By definition, members of a particular bacterial species have a total nucleotide identity of >70 % across their genomes [139]. The remaining genome diversity gives rise to the existence of different strains, which may have different functional genes that induce different biological properties. Further evidence is required in order to determine whether only certain strains of a particular bacterial species are either protective or pathogenic with regards to HPV and cervical dysplasia, and a recent study by Abdelmaksoud and colleagues [140] hints this is very likely. The team compared strains of L. crispatus that colonised women with, and without BV, demonstrated considerable genomic diversity within the species and identified several genes exclusive to the presence or absence of BV [140]. These genes require further investigation to help understand the protective mechanisms exploited by certain bacteria, and other disease-associated species should also be studies using metagenomic techniques, which in turn will support development of appropriate probiotic preparations.

Afro-Caribbean women have a fourfold higher prevalence of CST IV VMBs compared to Caucasian and Asian women [17]. They have also been found to have a higher age standardised rates of cervical cancer (6.3–11.2 per 100,000 women), compared to Caucasian and Asian women (8.2–8.7 and 3.6–6.5 per 100,000, respectively) in the UK [141] and the USA [142]. Although there may be a slightly higher risk of invasive disease, this does not correspond to the increase in the prevalence of CSTIV in black women, suggesting the presence of a far more complex mechanism and interactions between the bacteria and the individual host beyond the simple presence of CST IV that promotes or not HPV persistence and cervical carcinogenesis. Future studies will help to further explore these possible associations in long-term samples and comprehend why particular species or VM CSTs may be associated with health in some but disease in others. Compliance with cervical screening and many behavioural and social factors may also explain the higher risk of invasive disease in this ethnic group.

Pre- and probiotics clearly present an enticing novel therapeutic approach to this disease, because they are cheap, easy to administer, with a low side effect profile, unlike the current gold standard treatment for high-grade CIN, which involves a surgical method that carries significant risk to future reproductive outcomes [126130]. Furthermore, pre- and probiotic use would have an impact in other areas of women’s health, with dysbiosis being responsible for a two- to fourfold increase in risk of preterm birth [143], increased risk of miscarriage [143] and increased rates of HIV transmission [144], which highlights the importance of investing time and resources into exploring this therapeutic strategy.

Conclusions

The vaginal microbiota appears to play a role in the acquisition and persistence of HPV in the human vagina and in the subsequent development and progression of CIN. There is a need for further longitudinal studies to prove that these disease outcomes are influenced by VMB composition. This information may present the opportunity for development of novel therapeutic agents in the form of probiotics, to prevent HPV infection, promote its clearance in infected women and negate the risk of cervical dysplasia and future adverse reproductive outcomes that are associated with the current treatment methods [126128]. Mechanistic studies are required to identify the most protective species. Furthermore, it is possible that only certain strains of a bacterial species are able to protect or promote disease processes.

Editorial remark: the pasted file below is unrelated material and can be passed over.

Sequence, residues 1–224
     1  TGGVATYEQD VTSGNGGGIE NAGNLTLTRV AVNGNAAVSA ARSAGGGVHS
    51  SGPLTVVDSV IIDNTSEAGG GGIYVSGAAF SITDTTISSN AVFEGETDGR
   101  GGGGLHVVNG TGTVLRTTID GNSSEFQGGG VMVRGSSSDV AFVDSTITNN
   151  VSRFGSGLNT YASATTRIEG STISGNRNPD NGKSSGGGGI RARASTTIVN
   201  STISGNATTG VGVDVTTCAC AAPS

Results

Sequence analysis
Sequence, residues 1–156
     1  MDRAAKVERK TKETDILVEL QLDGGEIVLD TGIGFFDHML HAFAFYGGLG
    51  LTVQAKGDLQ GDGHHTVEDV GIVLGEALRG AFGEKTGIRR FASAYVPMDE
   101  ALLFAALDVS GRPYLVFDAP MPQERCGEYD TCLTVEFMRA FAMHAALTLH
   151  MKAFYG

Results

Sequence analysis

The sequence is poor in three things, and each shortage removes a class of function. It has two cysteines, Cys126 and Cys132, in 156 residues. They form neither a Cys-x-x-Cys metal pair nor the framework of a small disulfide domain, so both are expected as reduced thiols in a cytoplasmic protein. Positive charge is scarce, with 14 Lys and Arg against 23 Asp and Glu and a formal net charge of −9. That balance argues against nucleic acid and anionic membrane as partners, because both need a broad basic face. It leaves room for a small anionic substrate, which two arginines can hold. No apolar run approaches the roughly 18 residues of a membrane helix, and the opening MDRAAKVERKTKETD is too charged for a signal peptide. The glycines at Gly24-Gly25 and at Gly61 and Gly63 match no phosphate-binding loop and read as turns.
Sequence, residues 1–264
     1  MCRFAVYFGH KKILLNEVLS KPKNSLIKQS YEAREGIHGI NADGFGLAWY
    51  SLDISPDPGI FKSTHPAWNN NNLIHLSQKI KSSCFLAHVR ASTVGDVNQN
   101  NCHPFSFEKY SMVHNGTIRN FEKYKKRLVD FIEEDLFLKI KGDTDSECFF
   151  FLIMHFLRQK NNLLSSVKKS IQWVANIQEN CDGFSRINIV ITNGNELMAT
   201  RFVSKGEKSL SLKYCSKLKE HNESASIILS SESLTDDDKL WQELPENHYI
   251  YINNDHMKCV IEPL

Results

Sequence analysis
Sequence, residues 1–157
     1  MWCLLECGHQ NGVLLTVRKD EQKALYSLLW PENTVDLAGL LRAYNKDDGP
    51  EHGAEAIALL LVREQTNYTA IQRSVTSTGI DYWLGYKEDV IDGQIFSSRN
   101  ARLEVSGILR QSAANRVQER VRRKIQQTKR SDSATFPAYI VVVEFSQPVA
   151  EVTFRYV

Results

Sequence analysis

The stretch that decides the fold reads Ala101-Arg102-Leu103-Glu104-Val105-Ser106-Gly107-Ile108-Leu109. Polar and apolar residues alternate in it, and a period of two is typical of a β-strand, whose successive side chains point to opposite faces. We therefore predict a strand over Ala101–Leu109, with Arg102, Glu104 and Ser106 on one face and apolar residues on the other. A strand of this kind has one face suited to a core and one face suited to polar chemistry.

Alongside the bacterial microbiota, the virome is now a new emerging area of interest. Although we have known for many years that HPV is the aetiological agent in precancerous and cancerous pathologies of the cervix and lower genital tract, other viral genera present in the normal vagina, alongside papillomaviridae, may be involved in disease progression [145]. Furthermore, we are aware of a symbiotic relationship between bacterial and viral communities, which requires further investigation specific to HPV and cervical pathology.

Abbreviations

BV: 

Bacterial vaginosis

CIN: 

Cervical intraepithelial neoplasia

CST: 

Community state type

HIV: 

Human immunodeficiency virus

HPV: 

Human papilloma virus

hrHPV: 

High-risk human papilloma virus

HSV: 

Herpes simplex virus

NGS: 

Next-generation sequencing

OR: 

Odds ratio

STIs: 

Sexually transmitted infections

VMB: 

Vaginal microbiota

Declarations

Acknowledgements

Not applicable.

Funding

The study was supported by the following: British Society of Colposcopy Cervical Pathology Jordan/Singer Award (P47773) (MK); Imperial College Healthcare Charity (MK, AM) (P47907); Genesis Research Trust (MK, PRB) (P55549); Imperial Healthcare NHS Trust NIHR Biomedical Research Centre (MK, PRB) (P45272); NIHR Academic Clinical Fellowship programme (AM); MRC Career Development Award (DAM) (P47569).

The funding bodies played no role in the design of the study and collection, analysis and interpretation of data or in writing the manuscript.

Availability of data and materials

Not applicable.

Authors’ contributions

AM, DAM, JRM and MK wrote the manuscript. AM, DAM, JRM, YSL, PRB and MK reviewed and edited the manuscript. All authors read and approved the final manuscript.

Competing interests

The authors declare that they have no competing interests.

Consent for publication

Not applicable.

Ethics approval and consent to participate

Not applicable.